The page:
Common Patterns in Bipolar Disorder

Bipolar disorder is a difficult disorder to define, standardize, and treat. What works for one individual could exacerbate symptoms in another, because the treatment, frequency, and intensity of episodes are often unique in each case.

That’s not to say there aren’t any trends or patterns. Over the years, intensive and focused research has been conducted on bipolar disorder and bipolar depression. While a “cure” has not yet been discovered, doctors and therapists have learned valuable information on common triggers, factors, and types of episodes.

Common Triggers of Bipolar Episodes

When mood swings are rapid and severe enough, they can last for weeks to months at a time. This can be stressful, emotionally scarring, and physically endangering. While it’s nearly impossible to prevent episodes in certain individuals, it may be helpful to avoid these common triggers:

  • Lack of Sleep. Changes in sleeping patterns or a lack of sleep is one major driving force behind some cases of bipolar disorder. By developing sleeping rhythms and familiar routines, you can eliminate the likelihood of sleep-related triggers causing a mood swing.
  • Substance Abuse. While many people mistakenly believe drug or alcohol abuse can cause bipolar disorder, it does set off episodes or mood swings. People with bipolar disorder are more responsive to the effects of these substances, and usage may result in manic or depressive episodes.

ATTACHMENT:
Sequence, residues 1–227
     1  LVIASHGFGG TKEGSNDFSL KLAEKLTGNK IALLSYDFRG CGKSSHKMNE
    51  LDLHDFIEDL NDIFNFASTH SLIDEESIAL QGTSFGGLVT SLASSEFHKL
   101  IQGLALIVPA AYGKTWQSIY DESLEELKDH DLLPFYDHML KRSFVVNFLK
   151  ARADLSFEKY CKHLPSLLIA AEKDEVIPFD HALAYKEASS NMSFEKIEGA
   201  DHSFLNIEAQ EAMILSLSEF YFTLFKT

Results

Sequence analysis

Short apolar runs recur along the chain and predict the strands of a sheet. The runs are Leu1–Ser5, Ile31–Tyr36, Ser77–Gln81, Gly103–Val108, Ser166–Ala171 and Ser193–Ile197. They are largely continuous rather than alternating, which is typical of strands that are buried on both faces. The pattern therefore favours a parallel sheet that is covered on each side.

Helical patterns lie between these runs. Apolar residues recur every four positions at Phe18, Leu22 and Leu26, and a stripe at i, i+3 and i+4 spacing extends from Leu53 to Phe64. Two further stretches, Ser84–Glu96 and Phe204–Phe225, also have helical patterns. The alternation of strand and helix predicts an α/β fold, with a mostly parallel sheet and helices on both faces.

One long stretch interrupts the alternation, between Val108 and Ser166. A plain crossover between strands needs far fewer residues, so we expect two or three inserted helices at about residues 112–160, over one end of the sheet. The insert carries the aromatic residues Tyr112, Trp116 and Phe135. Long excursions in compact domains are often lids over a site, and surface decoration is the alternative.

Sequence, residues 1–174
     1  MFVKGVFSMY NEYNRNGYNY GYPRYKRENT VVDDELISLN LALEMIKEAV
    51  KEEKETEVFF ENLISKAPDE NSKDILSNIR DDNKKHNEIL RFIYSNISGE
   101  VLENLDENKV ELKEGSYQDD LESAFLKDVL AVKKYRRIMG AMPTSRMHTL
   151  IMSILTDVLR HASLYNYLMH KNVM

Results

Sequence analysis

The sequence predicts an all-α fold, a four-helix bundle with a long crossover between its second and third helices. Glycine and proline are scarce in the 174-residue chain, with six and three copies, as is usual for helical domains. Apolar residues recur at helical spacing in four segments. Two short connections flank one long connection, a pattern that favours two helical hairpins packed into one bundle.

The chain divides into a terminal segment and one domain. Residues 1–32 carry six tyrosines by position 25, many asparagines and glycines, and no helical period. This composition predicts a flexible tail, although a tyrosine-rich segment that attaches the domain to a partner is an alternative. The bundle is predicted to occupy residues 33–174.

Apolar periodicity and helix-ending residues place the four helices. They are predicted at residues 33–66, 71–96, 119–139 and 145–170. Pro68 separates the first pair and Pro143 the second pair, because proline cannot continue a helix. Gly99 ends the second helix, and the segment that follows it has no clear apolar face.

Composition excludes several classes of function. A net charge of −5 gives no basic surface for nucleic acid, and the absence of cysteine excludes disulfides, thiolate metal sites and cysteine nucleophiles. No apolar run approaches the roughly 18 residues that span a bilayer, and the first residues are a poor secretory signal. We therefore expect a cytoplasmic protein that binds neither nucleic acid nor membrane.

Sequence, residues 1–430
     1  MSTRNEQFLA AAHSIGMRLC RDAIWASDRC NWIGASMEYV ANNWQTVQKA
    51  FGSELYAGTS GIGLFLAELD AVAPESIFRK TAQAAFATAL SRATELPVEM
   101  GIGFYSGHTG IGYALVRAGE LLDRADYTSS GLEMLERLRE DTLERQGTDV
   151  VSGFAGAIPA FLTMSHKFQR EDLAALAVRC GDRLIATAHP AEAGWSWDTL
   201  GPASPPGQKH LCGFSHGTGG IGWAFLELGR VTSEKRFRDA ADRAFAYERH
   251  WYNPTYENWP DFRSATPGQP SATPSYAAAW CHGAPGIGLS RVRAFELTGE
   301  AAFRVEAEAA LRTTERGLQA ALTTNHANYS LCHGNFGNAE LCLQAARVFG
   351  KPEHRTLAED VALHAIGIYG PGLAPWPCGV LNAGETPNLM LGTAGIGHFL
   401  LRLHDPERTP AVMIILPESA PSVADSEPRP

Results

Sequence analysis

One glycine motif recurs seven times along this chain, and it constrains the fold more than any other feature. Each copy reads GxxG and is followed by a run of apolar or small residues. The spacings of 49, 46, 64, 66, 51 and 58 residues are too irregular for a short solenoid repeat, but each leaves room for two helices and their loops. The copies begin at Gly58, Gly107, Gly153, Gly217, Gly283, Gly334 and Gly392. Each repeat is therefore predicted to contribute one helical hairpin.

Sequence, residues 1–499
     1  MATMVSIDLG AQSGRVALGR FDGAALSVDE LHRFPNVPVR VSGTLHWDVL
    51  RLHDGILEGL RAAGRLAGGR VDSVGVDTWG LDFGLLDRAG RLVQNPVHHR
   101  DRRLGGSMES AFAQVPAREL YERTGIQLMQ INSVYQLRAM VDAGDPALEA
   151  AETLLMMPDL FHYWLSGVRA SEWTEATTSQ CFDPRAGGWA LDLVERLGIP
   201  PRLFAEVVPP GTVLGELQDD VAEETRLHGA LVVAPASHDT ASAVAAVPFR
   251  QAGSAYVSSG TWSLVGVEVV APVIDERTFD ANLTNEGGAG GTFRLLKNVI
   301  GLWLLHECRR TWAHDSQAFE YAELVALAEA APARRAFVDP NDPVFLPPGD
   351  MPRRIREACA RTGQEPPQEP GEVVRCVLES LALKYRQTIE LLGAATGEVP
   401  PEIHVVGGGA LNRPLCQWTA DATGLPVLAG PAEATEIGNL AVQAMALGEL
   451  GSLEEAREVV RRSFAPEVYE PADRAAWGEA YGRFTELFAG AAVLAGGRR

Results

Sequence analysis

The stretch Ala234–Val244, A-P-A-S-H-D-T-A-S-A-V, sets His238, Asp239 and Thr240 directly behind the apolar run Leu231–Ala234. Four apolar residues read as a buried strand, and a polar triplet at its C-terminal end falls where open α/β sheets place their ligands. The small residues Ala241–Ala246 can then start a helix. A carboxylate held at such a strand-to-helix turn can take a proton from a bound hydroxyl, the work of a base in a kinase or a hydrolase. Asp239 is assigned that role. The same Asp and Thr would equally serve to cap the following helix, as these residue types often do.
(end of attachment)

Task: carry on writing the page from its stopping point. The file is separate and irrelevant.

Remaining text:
• Arguments. Major arguments or disagreements frequently trigger episodes. While you can’t realistically live life without confrontation, it’s best to keep these interactions to a minimum.
  • Seasonal Changes. Reports suggest one in five individuals with bipolar disorder experience mood swings or episodes when there are changes in the weather or season. While not much can be done about this, it’s at least valuable information to keep in mind.

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Patterns of Bipolar Disorder

Some common patterns include the following:

  • Rapid Cycling. Rapid cycling involves three or more episodes per year. These episodes are usually serious in nature and occur in 10 to 20 percent of the bipolar population.
  • Daily Pattern. During a depression swing, many people go through familiar routines. This usually involves certain times of the day when things are better or worse. When in a manic state, things may remain more constant throughout the episode.

Getting Help

When it becomes too much to handle on your own, you may want to consider bipolar disorder treatment centers. These places offer structured, professional treatment plans to help prevent future episodes and guide you through current issues. For more information, contact Bridges to Recovery.